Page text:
Being an SAP Mentor is an interesting situation. The relationship with SAP usually feels amazingly collaborative, but occasionally uncomfortably adversarial. ThIs is probably a healthy place for a relationship with a massive organization to be. Every organization includes many great people and interactions with those people are always delightful. Every organization is also, as an organization, predisposed to get the answers to certain questions consistently right and the answers to other sorts of questions consistently wrong.
One such question that SAP has consistently gotten wrong in the past is how to push technology adoption among a massive install base. Historically, it would appear that SAP has tended to try to monetize upgrades to underlying technology in order to recoup development costs or profit from its technology offerings. Netweaver, BW, Visual Composer, add-ons like SSO and Gateway, Personas, Business Client, and HANA* are all technologies in which SAP has either underinvested due to lack of direct revenue potential (BW especially) or has tried to monetize. The result is that widely deployed "free" technology from SAP often stagnates while advanced technology with an additional cost often sees limited adoption in SAP's install base.
This outcome is terrible for SAP's business. It makes it very difficult for SAP to keep its application offerings competitive in the marketplace. The reason is that basic application functionality to be competitive is often dependent on improvements in underlying technology. But if technology is either widely deployed and under-featured or decently featured but not widely deployed, then applications need to use only the under-featured technology stack in order to have a large enough potential install base to justify development costs. In other words, SAP often forces itself to build applications on sub-par technology.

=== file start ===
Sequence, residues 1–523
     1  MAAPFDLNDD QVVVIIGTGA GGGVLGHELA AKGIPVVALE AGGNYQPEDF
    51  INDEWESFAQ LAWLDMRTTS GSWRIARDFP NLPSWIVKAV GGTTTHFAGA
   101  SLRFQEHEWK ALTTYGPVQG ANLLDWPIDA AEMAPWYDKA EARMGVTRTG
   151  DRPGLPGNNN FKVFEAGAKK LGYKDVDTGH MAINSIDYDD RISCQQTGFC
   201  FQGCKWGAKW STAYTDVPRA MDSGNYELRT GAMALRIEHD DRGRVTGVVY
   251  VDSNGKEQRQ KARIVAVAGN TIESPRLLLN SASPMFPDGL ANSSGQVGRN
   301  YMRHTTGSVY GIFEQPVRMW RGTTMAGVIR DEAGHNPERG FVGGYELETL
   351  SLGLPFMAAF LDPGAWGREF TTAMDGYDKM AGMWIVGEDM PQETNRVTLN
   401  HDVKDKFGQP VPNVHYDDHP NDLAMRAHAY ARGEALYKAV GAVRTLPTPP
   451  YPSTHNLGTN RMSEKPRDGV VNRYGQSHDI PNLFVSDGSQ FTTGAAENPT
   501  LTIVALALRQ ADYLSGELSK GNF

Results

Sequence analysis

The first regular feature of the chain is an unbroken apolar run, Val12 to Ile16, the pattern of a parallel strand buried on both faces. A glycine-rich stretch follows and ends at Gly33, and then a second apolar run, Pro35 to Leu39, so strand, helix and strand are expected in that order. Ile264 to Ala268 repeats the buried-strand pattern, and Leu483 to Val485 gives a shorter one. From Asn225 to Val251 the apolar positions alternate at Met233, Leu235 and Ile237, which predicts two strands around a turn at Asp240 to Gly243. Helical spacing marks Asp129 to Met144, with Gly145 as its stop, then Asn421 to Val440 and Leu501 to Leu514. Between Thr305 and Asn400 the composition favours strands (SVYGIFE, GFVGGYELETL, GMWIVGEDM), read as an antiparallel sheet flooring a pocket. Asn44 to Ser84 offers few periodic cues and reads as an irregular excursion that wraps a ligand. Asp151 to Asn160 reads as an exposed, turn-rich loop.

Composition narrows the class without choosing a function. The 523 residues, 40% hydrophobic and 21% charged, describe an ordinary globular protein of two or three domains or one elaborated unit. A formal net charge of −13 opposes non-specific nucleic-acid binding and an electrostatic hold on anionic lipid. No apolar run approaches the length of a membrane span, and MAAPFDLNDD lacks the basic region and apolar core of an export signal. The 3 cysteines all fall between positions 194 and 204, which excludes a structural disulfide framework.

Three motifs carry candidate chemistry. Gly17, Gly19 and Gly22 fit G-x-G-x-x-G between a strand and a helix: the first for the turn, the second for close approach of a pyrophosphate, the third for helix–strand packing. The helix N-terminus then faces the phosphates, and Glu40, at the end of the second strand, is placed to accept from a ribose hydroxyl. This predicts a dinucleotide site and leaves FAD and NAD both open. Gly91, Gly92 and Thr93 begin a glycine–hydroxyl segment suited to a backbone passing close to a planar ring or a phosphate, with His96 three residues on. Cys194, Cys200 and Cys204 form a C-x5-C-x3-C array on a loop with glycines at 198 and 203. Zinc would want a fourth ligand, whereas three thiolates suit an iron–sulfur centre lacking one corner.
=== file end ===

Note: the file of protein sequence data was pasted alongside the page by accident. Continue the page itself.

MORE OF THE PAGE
We see this dynamic constantly with SAP. One example is UI technology. Clearly a long-standing weakness of SAP's applications has been user-interface and user-experience. The SAP GUI is outdated and SAP's attempts to improve on it like the Business Client have, in my opinion, been torpedoed by SAP's monetization reflex. They haven't initially been better enough to see widespread adoption under a monetization scheme, and with lack of adoption, investment has faded. A similar dynamic played out with SAP's support for Flash and Silverlight as UI technologies for years after it had become clear they were destined for the trash-heap of web-UI delivery technologies.
And yet, over the last 4 years, SAP has been able to overcome this tendency in one area that may be incredibly important to its long-term business prospects around the newly announced S/4HANA. In the case of a key succession of technologies, SAP has been able to do something different, with impressive results. Those technologies: Gateway, SAP UI5, and Fiori**.
Initially, all seemed to be going well. SAP developed Gateway in part due to prodding from influencers like SAP Mentors around the need for a modern, RESTful API layer in SAP applications to allow the development of custom user interfaces and add-ons in a sustainable manner. DJ Adams and others showed the way with projects like the Alternative Dispatch Layer (in 2009), to make development of these APIs easier. Uwe Fetzer taught the ABAP stack to speak JSON. And suddenly one could fairly easily create modern-looking APIs on SAP systems. SAP folded a lot of those learnings into Gateway, which was a great way to push the tools for building modern APIs into SAP's applications and out to the install-base.